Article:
by Peter Watt
I am an internationalist, like the best of them. However two separate, but related, issues have today made me very angry. First, the release from prison of the terrorist Abu Qatada. And second, the on-going slaughter in Syria. Both are examples of the way that perpetrators of evil can all too often be protected by the perverse operation of systems of international law. And both show the dilemma of the apparent impotence and weakness of democratic countries.
To put it into perspective; if I were to go into town this weekend, have a skinful, get into a fight and assault someone, then rightly I would, hopefully, be arrested and prosecuted. If the assault was serious enough, or if I had previous, then my behaviour would justify the prison sentence that I would surely receive. Benefit fraud, robbery, tax evasion, illicit drugs – all would likely see a custodial sentence.
But it seems that you can be a convicted terrorist and the legal system can be used to prevent your imprisonment. Abu Qatada sympathised with Osama Bin Laden, praised the 9/11 bombers, was convicted of plotting murder in Jordan and is apparently a member of al-Qaeda’s “Fatwa Committee”. And yet an on-going legal battle has seen him released, imprisoned and re-released from prison.
In 2004 an immigration appeals committee ruled that he:
“was heavily involved, indeed was at the centre in the United Kingdom of terrorist activities associated with al-Qaeda”.
But he appealed against his imprisonment and was released. A Jordanian court sentenced him to life imprisonment for planning terrorism in his absence, but in the UK he was still playing ping-pong with the immigration authorities. In 2009, UK law lords agreed to his deportation, and within days he was awarded £2,500 by the European court of human rights (ECHR) as he had been detained without trial.
Earlier this year the ECHR ruled that his planned deportation to Jordan would be illegal. And finally, this week a judge has ruled that as he can’t be deported he should be released from prison on bail. So, the home office considers him a risk to national security, he has links to international terrorists, we have invited thousands of international guests to London this summer, for the Queen’s jubilee and the olympics, and we release him on bail. Way to go.
Now I am a strong supporter of human rights legislation, but this surely makes a mockery of all of our human rights? What signal are we sending to people when we are seemingly unable to protect them from such an obvious risk? Far from strengthening human rights, it undermines our collective security, itself a basic human right.
Rightly both the government and opposition have condemned the ruling. But in reality, the UK is powerless unless it can convince the ECHR that Jordan has not and will not use evidence obtained by torture, reassurances that Jordan has already given. So the ECHR, the very institution established to protect human rights, is in effect undermining its own credibility. In doing so it risks strenghtening calls for the suspension of our membership of the European convention on human rights. As the home secretary said, with the support of the Labour benches:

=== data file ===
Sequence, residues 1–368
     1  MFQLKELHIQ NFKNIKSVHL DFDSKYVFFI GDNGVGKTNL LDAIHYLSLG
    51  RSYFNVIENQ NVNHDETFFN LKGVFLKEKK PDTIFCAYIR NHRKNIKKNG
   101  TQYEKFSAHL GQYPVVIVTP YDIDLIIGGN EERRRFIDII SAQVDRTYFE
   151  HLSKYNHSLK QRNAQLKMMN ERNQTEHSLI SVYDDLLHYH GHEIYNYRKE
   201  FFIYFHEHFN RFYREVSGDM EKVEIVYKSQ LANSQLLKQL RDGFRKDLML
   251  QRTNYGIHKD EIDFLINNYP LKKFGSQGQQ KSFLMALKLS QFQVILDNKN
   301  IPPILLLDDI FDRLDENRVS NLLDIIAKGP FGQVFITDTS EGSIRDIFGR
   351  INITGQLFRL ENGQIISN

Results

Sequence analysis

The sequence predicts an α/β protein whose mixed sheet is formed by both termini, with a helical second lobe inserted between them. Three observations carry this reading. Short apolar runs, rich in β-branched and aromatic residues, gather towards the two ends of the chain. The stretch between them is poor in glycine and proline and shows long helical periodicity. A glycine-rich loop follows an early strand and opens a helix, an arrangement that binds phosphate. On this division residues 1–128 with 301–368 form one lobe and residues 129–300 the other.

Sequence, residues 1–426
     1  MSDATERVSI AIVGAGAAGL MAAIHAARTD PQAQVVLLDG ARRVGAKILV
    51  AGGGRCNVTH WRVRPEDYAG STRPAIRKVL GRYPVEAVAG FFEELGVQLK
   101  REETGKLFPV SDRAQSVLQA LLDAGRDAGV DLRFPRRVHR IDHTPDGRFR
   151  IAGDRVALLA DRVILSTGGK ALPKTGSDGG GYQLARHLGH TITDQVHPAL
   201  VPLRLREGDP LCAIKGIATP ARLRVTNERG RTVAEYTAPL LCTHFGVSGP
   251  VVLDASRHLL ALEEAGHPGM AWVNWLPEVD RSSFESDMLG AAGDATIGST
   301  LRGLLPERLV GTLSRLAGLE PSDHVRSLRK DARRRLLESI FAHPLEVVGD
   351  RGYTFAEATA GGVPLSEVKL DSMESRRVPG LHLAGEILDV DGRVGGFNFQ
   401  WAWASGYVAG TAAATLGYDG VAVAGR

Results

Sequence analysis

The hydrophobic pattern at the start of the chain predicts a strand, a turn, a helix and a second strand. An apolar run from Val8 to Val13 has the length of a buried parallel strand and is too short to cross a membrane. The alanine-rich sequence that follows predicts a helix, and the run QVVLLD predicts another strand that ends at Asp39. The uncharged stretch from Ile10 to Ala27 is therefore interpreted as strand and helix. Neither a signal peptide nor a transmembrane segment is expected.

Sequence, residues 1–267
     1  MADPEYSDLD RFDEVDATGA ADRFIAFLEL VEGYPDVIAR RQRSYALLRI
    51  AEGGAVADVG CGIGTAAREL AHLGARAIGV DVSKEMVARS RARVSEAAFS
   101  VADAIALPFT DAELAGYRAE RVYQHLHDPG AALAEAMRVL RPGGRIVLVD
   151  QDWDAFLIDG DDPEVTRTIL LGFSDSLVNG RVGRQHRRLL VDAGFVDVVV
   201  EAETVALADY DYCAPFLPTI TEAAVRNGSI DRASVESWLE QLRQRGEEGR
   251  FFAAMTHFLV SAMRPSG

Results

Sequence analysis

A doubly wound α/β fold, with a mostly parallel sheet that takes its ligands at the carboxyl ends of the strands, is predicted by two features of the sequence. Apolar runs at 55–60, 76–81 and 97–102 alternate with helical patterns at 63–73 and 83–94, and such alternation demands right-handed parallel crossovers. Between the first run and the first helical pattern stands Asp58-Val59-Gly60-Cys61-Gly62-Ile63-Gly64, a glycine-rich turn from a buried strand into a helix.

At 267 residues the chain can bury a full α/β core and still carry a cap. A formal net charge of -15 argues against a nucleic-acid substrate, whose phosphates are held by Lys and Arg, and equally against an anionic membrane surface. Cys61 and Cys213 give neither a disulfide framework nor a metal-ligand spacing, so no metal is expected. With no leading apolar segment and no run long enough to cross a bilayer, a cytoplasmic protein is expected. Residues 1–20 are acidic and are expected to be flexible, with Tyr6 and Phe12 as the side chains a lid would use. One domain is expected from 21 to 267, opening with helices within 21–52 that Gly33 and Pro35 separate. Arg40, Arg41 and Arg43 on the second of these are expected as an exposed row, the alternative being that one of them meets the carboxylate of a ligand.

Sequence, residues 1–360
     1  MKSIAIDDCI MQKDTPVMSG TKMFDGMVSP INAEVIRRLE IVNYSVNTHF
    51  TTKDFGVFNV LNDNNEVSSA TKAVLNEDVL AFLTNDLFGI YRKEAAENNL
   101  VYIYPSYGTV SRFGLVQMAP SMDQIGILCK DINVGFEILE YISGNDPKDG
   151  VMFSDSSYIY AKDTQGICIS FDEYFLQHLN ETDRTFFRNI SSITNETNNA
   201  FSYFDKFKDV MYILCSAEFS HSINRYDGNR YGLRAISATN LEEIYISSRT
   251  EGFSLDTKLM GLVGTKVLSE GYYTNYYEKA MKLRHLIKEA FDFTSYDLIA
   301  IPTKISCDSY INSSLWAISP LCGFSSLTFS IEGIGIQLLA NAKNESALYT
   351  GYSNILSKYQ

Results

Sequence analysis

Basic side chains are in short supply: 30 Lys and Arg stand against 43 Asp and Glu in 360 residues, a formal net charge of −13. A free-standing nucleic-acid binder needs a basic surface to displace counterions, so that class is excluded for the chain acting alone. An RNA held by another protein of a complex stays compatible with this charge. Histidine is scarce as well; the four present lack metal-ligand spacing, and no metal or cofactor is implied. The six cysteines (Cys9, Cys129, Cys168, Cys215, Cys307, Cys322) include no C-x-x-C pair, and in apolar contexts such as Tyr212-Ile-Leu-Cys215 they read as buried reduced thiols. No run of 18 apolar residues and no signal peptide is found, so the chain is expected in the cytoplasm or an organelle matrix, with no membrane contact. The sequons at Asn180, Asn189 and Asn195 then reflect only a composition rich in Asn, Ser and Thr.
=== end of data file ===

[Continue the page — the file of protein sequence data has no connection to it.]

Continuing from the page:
“It is simply isn’t acceptable, that after guarantees from the Jordanians about his treatment, after British courts have found that he is dangerous, after his removal has been approved by the highest courts in our land, we still cannot deport dangerous foreign nationals”.
And then there is Syria. Assad is using his heavy artillery on civilians in order to try and stamp out dissent from those calling for greater freedoms. How many thousands have died no one knows. How many more will die before this is over we can only fear. But if you are sitting in a cellar in Homs with your children trying to avoid shells and bullets; if you are waiting for the arrival of Assad’s troops bent on violence then you can be certain of one thing. The UN cannot and will not help.
You are for all intents and purposes being left to your fate. It doesn’t matter that most of the world wants more action taken to protect you, stronger condemnation and demands for Assad to go. Why? Because those great bastions of democracy and human rights China and Russia will not countenance this on the UN security council. So no action is taken and Assad is given succour.
My daughter was watching the news this evening, and asked about the pictures of broken bodies, crying mothers and frightened children. “Why is no one helping them”? she asked. I didn’t really know what to say. The fact is that we appear to be able to do nothing and it looks and is ridiculous. Not just for the Syrians, but also for the UN itself.
Once again at a time of greatest need it is a block on action not an enabler of consensus. For those who wish to bypass it as an institution it has given further evidence that they are right to do so. And quite frankly, who can blame them? It should be the champion of the oppressed, instead it is protecting a brutal dictator and is mired in controversy over its budgets and the conduct of its peacekeepers.
Of course international law is important and our adherence to it is something that we should be proud of. There is a balance to be struck between security and civil liberties. And obviously it is preferable that any international action is taken in concert with others under the auspices of the UN.
The actions of the ECHR and the UN on Qatada and Syria respectively, are shaming us all. But worst of all they are undermining our ability to provide security for our citizens and prolonging the agony of the Syrian people.
Peter Watt was general secretary of the Labour party.